Evaluation of Mechanical Fatigue Damage Accumulation in Metal Matrix Composites Using Ultrasonic Surface Waves

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MacLellan, Patrick
Stubbs, David
Karpur, Prasanna
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Review of Progress in Quantitative Nondestructive Evaluation
Center for Nondestructive Evaluation

Begun in 1973, the Review of Progress in Quantitative Nondestructive Evaluation (QNDE) is the premier international NDE meeting designed to provide an interface between research and early engineering through the presentation of current ideas and results focused on facilitating a rapid transfer to engineering development.

This site provides free, public access to papers presented at the annual QNDE conference between 1983 and 1999, and abstracts for papers presented at the conference since 2001.


This study demonstrates that an in situ nondestructive, ultrasonic surface wave technique can successfully detect the onset and extent of matrix cracking fatigue damage in a titanium metal matrix composite (MMC). A quasi-isotropic [0/±45/90]s SCS-6/Timetal®21S MMC material was used for room temperature fatigue tests and the resultant matrix cracking damage was ultrasonically monitored in situ as a function of cycle count. Damage accumulation in the material was successfully correlated with decreases in ultrasonic pitch catch amplitude and verified through the use of immersion ultrasonic C-scans and metallographic techniques. Damage initiation and progression was tracked through the use of complementary nondestructive and destructive techniques. The in situ surface wave data show that the higher the fatigue stress level, the more quickly damage occurs; conversely, the lower the stress level, the slower the damage initiation. The in situ surface wave technique proved to be more sensitive to the accumulating damage than standard load-displacement modulus measurements. The surface wave technique also indicated a change in material properties after only one fatigue cycle. The data acquired show that a better understanding of damage initiation and accumulation can be gained using the in situ surface wave technique in comparison to current load-displacement modulus measurements.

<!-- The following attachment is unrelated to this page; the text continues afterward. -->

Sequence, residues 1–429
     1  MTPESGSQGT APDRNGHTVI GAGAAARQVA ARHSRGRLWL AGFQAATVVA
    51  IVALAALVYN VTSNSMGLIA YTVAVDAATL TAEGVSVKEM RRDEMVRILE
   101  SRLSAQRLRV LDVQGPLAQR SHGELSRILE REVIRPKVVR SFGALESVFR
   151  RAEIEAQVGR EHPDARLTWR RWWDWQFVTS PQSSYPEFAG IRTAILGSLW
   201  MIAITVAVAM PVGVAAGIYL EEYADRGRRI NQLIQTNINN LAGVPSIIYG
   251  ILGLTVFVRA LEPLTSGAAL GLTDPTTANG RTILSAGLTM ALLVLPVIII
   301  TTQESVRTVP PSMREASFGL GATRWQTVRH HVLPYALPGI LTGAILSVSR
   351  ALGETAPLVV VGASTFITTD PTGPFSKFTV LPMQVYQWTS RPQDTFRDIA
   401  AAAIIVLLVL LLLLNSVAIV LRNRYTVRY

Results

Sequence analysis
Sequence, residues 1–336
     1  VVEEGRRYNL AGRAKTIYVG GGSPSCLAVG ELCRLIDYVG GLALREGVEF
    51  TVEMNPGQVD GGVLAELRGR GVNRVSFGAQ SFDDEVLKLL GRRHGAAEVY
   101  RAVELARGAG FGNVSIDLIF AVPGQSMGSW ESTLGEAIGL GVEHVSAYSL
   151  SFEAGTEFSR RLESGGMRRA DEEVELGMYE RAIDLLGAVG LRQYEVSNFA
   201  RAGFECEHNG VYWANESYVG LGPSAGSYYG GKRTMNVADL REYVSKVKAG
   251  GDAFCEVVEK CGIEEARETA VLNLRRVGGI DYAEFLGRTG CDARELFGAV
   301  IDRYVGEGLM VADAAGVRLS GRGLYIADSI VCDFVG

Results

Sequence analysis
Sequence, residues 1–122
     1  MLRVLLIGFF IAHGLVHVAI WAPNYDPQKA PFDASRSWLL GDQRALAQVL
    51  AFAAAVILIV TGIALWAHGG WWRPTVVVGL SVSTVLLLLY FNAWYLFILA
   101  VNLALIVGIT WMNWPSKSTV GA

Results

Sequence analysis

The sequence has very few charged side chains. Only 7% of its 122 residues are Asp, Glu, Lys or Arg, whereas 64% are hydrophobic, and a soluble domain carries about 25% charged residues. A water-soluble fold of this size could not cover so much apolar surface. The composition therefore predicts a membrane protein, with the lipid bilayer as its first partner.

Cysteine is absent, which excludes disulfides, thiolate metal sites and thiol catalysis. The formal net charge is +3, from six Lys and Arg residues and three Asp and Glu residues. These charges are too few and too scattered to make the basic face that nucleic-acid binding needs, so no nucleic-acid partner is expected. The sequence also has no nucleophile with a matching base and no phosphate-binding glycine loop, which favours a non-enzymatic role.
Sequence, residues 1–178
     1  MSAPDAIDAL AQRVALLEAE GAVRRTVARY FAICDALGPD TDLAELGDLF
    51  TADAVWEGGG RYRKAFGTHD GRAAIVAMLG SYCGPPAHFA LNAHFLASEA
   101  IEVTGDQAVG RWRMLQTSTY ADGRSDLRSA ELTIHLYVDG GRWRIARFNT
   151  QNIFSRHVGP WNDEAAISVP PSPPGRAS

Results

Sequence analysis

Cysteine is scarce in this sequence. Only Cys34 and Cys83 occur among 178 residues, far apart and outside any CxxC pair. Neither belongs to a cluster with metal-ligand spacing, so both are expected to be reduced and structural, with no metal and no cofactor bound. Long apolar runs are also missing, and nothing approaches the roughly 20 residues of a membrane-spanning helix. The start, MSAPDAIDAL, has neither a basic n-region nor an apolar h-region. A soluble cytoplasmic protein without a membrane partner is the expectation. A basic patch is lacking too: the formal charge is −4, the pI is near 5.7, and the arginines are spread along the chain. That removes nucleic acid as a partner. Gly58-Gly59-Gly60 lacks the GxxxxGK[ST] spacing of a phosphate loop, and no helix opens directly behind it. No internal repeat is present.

Sun Jan 01 00:00:00 UTC 1995